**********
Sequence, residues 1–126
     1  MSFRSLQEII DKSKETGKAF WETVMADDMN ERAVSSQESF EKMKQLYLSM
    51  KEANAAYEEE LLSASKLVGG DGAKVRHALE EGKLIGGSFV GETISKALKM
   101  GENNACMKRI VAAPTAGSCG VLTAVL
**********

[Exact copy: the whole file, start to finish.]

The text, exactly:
Sequence, residues 1–126
     1  MSFRSLQEII DKSKETGKAF WETVMADDMN ERAVSSQESF EKMKQLYLSM
    51  KEANAAYEEE LLSASKLVGG DGAKVRHALE EGKLIGGSFV GETISKALKM
   101  GENNACMKRI VAAPTAGSCG VLTAVL